Action & Thinking Triggers

by Dan Walsh

How to prevent over-thinking and under-performing.

I think I’ve discovered something profound. So profound it’s almost obvious – like an overlooked universal truth. For much of my life I’ve been a thinker, a planner, a dreamer. I used to talk talk talk about my ideas, make lists, and strategize, but I was weak on execution. At some point I realized this, and with much effort uprooted many of my former habits so that I could become a doer. I thought being heavily action oriented would lead me to success. I dove headfirst into ambitious projects and made excellent progress on all of them. But they all eventually came to a halt. It’s much easier to start a bunch of fires then it is to tend them all.

I thought ACTION was the secret formula, but it wasn’t. Something was still missing. I realize now that missing element was everything good that came along with overthinking a project… Damnit! Which one is it!?

The answer is neither.

Or both.

The question is wrong.

Thinking and doing are not separate. They have to work together. Like I said, “duh”. But the real challenge is how do you combine them? It’s so easy to get stuck thinking and then never do anything. And it’s equally easy to get stuck doing but do all the wrong stuff and never go anywhere. We all know people on either side of this equation. The thinkers always talk about their big dreams but never seem to do anything tangible to get there. The doers create a lot of motion but ultimately never get anywhere either. I sympathize because I’ve been both. So how should we reconcile thinking and doing without getting stuck in either mode?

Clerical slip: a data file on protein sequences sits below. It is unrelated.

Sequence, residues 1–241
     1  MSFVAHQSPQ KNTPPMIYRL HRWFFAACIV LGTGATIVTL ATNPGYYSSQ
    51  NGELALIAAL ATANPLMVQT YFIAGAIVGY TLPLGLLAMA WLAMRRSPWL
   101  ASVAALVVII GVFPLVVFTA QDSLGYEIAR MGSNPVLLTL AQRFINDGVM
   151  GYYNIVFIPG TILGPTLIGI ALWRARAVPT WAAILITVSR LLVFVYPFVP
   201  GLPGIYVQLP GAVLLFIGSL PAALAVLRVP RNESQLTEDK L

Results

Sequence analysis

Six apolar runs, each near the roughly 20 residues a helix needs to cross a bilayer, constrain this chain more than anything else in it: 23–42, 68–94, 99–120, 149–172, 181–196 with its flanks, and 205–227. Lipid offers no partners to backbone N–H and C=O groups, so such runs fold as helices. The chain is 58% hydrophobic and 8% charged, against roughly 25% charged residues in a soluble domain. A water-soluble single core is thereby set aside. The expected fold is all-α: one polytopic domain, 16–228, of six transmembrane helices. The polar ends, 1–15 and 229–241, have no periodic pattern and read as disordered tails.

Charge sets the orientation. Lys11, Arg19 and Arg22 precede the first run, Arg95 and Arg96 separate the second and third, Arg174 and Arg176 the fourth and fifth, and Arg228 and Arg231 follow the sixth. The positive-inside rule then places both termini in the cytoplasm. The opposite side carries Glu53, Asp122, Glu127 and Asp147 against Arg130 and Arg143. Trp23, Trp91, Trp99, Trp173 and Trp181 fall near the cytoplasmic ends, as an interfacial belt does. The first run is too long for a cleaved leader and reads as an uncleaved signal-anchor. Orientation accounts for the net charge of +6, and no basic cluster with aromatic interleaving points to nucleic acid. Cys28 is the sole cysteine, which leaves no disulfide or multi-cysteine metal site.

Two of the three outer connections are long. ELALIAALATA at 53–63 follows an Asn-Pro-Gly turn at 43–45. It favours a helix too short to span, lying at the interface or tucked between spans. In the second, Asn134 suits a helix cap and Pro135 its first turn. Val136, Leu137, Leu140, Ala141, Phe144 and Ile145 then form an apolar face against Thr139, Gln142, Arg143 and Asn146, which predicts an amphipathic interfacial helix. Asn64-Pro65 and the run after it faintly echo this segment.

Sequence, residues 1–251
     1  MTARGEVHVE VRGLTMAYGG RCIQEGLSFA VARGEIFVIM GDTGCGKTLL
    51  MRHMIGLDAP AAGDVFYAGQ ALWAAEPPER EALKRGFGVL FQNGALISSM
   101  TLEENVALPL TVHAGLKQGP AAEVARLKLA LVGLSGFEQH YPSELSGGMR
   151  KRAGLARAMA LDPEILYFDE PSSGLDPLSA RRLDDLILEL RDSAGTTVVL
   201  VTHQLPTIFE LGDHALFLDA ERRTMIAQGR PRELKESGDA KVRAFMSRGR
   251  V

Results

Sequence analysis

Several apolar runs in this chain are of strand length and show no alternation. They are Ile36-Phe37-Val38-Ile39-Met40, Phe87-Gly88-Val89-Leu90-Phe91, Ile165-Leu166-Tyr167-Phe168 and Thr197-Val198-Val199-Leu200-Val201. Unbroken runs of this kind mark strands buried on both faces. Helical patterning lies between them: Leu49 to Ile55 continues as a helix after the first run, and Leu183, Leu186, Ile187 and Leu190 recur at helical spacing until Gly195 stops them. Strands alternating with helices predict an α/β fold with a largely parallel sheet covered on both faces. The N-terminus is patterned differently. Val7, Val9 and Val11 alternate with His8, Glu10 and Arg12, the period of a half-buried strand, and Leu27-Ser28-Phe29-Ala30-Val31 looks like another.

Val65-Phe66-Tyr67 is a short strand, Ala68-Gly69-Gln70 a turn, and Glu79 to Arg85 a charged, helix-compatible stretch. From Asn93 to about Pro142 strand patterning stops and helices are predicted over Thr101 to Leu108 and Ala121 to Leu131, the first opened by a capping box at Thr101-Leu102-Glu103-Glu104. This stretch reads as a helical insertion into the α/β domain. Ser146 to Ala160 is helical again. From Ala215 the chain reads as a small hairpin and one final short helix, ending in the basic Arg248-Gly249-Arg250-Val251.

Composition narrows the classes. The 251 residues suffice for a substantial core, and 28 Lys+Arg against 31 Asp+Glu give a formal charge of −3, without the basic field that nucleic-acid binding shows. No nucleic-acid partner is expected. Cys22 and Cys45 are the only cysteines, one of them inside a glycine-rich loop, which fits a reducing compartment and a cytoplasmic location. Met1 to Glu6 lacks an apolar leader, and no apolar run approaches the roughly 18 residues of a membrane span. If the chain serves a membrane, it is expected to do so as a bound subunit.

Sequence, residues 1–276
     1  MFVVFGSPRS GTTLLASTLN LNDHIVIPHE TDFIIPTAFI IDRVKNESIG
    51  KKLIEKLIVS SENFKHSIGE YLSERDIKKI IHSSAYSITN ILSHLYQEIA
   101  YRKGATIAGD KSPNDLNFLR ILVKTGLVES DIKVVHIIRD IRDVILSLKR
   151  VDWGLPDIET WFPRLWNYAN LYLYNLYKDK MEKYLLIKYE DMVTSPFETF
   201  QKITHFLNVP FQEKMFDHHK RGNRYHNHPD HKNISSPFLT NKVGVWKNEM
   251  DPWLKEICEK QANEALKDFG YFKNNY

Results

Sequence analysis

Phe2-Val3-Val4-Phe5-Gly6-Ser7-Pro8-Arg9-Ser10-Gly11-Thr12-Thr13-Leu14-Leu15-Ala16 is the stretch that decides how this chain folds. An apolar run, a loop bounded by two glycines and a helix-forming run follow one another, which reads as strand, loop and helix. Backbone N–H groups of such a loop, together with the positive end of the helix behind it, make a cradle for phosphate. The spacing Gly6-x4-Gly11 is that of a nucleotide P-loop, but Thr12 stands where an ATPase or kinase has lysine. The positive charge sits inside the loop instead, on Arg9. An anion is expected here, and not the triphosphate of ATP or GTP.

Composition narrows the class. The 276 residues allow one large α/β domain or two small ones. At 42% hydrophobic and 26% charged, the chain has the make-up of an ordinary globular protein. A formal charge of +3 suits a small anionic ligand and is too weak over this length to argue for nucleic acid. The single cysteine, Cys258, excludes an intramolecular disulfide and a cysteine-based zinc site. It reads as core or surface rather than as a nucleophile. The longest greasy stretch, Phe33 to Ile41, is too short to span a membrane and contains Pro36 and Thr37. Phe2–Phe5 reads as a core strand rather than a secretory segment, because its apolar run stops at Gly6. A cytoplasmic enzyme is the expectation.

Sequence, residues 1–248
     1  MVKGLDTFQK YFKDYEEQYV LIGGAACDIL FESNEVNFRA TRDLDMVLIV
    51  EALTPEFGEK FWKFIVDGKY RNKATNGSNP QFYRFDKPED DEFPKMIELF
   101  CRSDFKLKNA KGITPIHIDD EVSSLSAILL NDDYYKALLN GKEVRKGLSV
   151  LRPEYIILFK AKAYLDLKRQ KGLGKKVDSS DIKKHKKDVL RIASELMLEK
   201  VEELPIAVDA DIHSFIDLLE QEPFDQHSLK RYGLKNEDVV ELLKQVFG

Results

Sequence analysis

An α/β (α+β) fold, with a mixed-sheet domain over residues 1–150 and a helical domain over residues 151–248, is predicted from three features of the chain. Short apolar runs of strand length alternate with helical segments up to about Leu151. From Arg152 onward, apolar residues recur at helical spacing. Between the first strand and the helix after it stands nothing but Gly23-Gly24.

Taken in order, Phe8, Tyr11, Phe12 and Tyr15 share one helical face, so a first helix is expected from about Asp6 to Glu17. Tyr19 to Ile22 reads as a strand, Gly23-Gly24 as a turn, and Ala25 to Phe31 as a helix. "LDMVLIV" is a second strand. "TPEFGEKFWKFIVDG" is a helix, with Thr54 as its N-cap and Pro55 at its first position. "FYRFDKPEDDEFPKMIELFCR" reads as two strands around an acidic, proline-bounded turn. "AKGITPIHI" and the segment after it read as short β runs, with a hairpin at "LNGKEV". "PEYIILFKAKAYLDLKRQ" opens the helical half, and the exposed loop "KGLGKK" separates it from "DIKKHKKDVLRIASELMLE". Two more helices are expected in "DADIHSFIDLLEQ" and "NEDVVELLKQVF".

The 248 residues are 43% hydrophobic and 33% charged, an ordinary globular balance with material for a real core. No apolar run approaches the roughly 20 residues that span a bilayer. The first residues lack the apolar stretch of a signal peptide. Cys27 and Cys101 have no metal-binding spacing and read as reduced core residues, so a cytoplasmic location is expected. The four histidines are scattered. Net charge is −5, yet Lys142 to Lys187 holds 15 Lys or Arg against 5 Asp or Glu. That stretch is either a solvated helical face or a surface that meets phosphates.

We have to cycle through them. I think setting triggers that make us change gears is the way to do it. I’m still working through this, so my triggers are semi-vague. I’ll update when I have something more concrete, but here’s what I have so far.

  1. Do just enough research, planning, and thinking until you know enough to take action.
  2. Take just enough action until you get enough real world information to start thinking again.
  3. Use the new info to formulate a better action.
  4. Repeat.

That’s the loop.

Yes, this is the fundamental idea behind performance marketing, lean manufacturing, and even the lean startup movement. Like I said, it seems so obvious. But the real trick here is knowing when to go from thinking to doing, and then back to thinking again. It’s the triggers.

This took me almost 30 years to realize.

Here’s the thing, no matter what we see in movies and read in books, the world never goes according to plan. There are too many variables, too much chaos, and our brains can only hold so much information. We can’t know everything ahead of time, so it’s pointless to spend a million hours coming up with a detailed plan that ultimately won’t work. Mindless action doesn’t cut it either. We need at least a semi-informed plan of attack. Otherwise we repeat a bunch of mistakes or spend time and money running in the wrong direction.

The real path to success is the ability adapt, and adapt quickly. Proper triggers help us do that. It’s evolution baby!